Sebi amends buyback rules to gradually phase out open market route
The Securities and Exchange Board of India (Sebi) on Tuesday amended its buyback rules to gradually phase out the open market route in favour of the tendering option even as it told companies to utilise 75 per cent of the funds allotted for the repurchase of shares against 50 per cent at present.
The Sebi board also took several other crucial decisions at its last board meeting of 2022 that ranged from strengthening governance mechanisms in market infrastructure institutions — such as stock exchanges, clearing corporations and depositories — and introducing a platform on stock exchanges to reduce the risk to clients in the event of the disruption of services offered by a broker.
Announcing the major changes to the share buyback norms, Sebi chairperson Madhabi Puri Buch said that the tender offer route — where shares are purchased from shareholders and are subsequently extinguished — is the more equitable route, while the open market method is vulnerable to favouritism.
“Nobody knows when a company comes to buyback the shares, only a few are aware. So we are seeking to phase out the exchange route for buyback. This is a glide path and will lead to the phasing out of the present buyback mode (through stock exchange route),’’ she said.
The regulator also amended the rules on the use of the funds kept for buyback. The buyback norms at present require companies to utilise at least 50 per cent of the amount earmarked for this programme. If the listed firms are unable to use the proceeds, Sebi is permitted to direct the merchant banker to forfeit the amount deposited in an escrow account.
Sebi has raised the minimum threshold to 75 per cent from 50 per cent. A press statement from the market regulator was silent on the date the new rule will take effect. More details are likely when Sebi notifies the changes.
Sebi also decided to create a separate window on stock exchanges for undertaking buyback till the time tender offers are fully in effect.
In buyback under the tender route, Sebi reduced the timeline for completion by 18 days. The regulator has dropped the requirement to file the draft letter of offer.
It has also reduced the duration of the tendering period and the period of payment to the shareholders.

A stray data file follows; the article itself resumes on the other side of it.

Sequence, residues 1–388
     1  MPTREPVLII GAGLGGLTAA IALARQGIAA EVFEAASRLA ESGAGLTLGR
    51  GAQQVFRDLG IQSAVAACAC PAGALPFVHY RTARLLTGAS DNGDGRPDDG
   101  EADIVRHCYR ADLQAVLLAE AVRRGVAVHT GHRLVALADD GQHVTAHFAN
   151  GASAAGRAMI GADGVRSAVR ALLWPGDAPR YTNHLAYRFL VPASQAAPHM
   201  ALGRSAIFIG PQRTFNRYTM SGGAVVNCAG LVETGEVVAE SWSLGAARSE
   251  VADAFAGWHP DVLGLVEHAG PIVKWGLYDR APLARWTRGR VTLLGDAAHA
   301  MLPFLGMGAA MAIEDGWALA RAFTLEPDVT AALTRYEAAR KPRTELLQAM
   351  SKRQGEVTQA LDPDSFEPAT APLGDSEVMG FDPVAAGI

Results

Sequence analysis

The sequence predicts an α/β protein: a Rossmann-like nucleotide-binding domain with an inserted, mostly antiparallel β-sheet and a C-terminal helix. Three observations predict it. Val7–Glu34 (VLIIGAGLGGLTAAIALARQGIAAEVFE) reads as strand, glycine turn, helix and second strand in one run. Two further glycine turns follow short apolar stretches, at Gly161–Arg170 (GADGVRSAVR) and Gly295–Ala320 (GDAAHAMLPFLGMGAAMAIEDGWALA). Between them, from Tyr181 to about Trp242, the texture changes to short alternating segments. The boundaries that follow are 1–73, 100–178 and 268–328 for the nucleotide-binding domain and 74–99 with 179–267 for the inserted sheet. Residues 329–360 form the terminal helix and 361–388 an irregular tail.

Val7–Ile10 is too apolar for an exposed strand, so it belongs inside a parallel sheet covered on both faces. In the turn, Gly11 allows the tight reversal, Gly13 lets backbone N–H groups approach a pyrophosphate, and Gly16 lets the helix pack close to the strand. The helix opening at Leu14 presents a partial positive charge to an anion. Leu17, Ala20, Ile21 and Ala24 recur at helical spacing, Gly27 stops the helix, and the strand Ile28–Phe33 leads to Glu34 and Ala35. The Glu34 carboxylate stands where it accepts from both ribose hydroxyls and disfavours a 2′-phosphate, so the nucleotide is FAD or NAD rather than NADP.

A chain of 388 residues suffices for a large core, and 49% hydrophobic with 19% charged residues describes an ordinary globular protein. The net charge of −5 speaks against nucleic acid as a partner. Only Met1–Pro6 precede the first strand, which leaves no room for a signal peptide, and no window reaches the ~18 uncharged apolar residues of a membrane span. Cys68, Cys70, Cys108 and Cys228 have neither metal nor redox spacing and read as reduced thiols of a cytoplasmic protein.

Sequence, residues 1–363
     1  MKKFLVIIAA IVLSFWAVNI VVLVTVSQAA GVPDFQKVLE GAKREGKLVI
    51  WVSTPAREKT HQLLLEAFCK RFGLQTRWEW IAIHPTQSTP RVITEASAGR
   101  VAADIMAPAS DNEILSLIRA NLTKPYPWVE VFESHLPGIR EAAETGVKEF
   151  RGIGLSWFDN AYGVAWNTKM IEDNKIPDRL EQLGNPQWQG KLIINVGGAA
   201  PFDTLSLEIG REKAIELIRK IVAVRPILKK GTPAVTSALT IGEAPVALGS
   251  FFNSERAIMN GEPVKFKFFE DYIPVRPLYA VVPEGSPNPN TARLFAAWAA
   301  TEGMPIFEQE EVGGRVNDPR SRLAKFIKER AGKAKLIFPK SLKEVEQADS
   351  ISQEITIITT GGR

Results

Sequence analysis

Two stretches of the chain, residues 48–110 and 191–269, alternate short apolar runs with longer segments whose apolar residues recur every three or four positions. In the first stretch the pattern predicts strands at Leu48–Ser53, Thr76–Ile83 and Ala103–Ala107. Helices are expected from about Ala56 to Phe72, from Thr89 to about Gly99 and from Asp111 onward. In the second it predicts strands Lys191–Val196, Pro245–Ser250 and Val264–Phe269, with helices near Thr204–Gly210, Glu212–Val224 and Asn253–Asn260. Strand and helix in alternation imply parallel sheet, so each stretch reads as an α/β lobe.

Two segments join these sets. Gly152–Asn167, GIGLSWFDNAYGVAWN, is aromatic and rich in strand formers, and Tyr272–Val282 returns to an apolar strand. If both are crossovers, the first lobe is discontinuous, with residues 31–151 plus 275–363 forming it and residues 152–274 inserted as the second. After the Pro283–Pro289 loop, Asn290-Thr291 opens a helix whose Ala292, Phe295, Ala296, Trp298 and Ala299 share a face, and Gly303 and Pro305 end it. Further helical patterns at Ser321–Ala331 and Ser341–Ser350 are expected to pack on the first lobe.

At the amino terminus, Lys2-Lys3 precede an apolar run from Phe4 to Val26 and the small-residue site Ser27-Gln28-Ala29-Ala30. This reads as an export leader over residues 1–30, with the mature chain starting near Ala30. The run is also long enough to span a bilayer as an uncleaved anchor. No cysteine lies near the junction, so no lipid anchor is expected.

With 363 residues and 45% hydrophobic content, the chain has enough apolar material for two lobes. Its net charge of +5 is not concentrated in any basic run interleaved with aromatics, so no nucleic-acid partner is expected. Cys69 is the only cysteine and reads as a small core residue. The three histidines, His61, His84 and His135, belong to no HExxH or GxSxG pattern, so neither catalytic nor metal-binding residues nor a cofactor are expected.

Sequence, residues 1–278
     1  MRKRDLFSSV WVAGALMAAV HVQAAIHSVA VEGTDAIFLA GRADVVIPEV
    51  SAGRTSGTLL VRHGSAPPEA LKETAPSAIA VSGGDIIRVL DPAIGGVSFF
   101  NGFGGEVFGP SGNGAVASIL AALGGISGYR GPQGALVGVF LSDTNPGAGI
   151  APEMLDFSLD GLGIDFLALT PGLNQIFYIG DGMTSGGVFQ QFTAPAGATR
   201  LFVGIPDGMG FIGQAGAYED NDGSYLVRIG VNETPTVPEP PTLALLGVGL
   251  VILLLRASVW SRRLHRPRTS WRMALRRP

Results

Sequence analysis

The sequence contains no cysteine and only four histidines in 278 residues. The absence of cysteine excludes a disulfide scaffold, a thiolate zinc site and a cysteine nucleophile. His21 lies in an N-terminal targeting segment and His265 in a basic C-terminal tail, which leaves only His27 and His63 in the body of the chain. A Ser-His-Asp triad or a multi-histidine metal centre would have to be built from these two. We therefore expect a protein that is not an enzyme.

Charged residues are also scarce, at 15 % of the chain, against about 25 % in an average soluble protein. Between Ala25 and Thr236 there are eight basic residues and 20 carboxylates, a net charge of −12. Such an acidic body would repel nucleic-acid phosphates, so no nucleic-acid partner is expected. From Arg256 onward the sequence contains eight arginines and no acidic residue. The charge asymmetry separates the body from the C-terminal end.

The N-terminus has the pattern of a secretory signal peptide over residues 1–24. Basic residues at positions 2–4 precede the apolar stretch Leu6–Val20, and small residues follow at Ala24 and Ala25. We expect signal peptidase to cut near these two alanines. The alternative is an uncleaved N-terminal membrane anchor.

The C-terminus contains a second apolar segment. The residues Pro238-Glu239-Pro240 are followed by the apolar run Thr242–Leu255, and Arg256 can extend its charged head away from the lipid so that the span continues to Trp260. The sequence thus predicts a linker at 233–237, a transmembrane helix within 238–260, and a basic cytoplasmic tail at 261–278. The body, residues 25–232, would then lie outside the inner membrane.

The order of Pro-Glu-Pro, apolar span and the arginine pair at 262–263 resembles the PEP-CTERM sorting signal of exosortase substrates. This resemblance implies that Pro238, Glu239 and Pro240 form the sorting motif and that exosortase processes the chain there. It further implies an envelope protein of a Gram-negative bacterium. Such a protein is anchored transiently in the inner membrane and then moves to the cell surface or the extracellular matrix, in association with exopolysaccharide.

Moreover, the regulator permitted the upward revision of the buyback price until one working day prior to the record date.
Mumbai: After large banks and NBFCs, it is the turn of big stock brokers.
The Sebi board brought in an enhanced risk management framework for stock brokers designated as Qualified Stock Brokers (QSBs) — who handle a very large number of clients, massive amount of client funds and very large trading volumes.
Though the market regulator refrained from using the term “too big to fail’’, its attempt to prevent a systemic impact in the event of their failure did not go unnoticed.
The Reserve Bank of India had earlier implemented checks on large banks and non-banking finance companies (NBFCs).
Sebi said the possible failure of such brokers has the potential to cause widespread impact on investors and reputational damage to the Indian securities market.
The board approved amendments to the Sebi (Stock Brokers) Regulations, 1992. The market regulator will consequently designate such stock brokers, based on identified parameters, as QSBs.
QSBs, it said, would need to comply with enhanced risk management practices and requirements. There would also be enhanced monitoring by Sebi and the exchanges. The watchdog will announce a detailed framework later.
OUR SPECIAL CORRESPONDENT
■ Sebi (Stock Brokers) Regulations, 1992 will be amended, creating a category called qualified stock brokers
■ Big brokers need to comply with strict risk management practices. Framework to be announced